July 20, 2011

Bolivia and a tale of no access to education

For many years now I have been struggling with the education system in Bolivia which is in total disarray, but yesterday afternoon my manager in Cochabamba called me in tears to tell me that her two boys were rejected from two public schools.

Why did this happen, I asked?
Well... at both public schools ("colegios fiscales" as they are called in Bolivia), she was told that since she has a job and a monthly salary, the school must send someone to check her house and place of work to make sure she needed to have her kids at a public school. Only after the inspections the school board will determine if they accept the boys.
She was also told that they give priority to:
-Kids whose parents do not have a job
-Families with more than four kids
-Kids who are victims of abuse 

In addition, even though they are public schools, public education in Bolivia is not free. Parents must pay monthly for their children to attend school, in addition to uniforms (required at all public schools), books, supplies and materials are not provided by the state. 

Not many as private education is expensive in Bolivia.

Next step?
Wait for the "inspections" and hope for the best.
My feelings about this?
I come from Costa Rica where since 1869, the country became one of the first in the world to make the education both free and obligatory... so you guys can imagine how I feel about something like this happening to the person I see not only as my right hand but as my friend. 

I don't usually write things like this on this little space of mine, but this issue definitely deserves to be brought to people's attention.

photography by me


  1. I'm so sorry to hear this! Can she refute their 'inspection' and demand to have her kids entered? This is seriously outrageous. It only makes me appreciate what we have here though it's not perfect as well. The kids who drop out of school here should go to live in Bolivia for a year and see what real hardships are like. I hope and pray your friend resolves this problem.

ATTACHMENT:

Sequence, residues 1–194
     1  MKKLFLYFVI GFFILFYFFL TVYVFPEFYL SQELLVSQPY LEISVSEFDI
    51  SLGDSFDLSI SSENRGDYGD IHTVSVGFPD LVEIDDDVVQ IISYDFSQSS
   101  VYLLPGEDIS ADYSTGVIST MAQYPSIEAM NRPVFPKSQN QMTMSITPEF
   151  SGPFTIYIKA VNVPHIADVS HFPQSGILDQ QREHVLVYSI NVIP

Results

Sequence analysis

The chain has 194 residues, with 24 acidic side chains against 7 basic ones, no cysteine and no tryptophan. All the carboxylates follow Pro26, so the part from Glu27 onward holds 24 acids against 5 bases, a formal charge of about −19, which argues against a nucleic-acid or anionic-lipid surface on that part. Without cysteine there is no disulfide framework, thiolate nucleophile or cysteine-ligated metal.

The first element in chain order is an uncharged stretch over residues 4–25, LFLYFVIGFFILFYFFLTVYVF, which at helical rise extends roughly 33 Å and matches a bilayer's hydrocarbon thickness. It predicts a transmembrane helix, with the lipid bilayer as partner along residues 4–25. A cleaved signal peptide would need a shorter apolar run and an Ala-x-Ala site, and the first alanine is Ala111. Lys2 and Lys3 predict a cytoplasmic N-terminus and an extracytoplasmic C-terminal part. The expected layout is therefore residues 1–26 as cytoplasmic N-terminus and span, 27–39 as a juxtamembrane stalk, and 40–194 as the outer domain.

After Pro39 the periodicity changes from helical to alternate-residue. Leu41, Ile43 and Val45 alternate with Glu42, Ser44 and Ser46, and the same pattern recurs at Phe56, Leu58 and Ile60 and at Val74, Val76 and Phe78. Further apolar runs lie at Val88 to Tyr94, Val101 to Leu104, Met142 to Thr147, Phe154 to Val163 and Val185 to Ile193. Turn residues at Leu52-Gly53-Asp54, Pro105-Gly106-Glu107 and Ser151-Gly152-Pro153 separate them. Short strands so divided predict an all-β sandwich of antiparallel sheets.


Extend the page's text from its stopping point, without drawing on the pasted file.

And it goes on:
2. Yes, it is really heart breaking when things like these happen... This is a woman who has worked her way up with lots of effort and honesty to be able to provide for her family. I am really sad and hope that some way we can get her kids into school.

  3. it does deserve attention because it's such a frustrating cycle that will always keep her down, if it's not one thing it's something else. i'm so sorry =(

  4. This is so sad, we really are blessed to live in the United States.

  5. This certainly deserves to be brought to attention. The education system should deserve the most attention in every country.

  6. Coming from Finland, which has one of the best public school systems (totally free, materials and all) hearing about Bolivia's situation is very sad and unjustified. All children need and deserve an education! Are there any organizations that can help, or anything that we can do to support schools in Bolivia?


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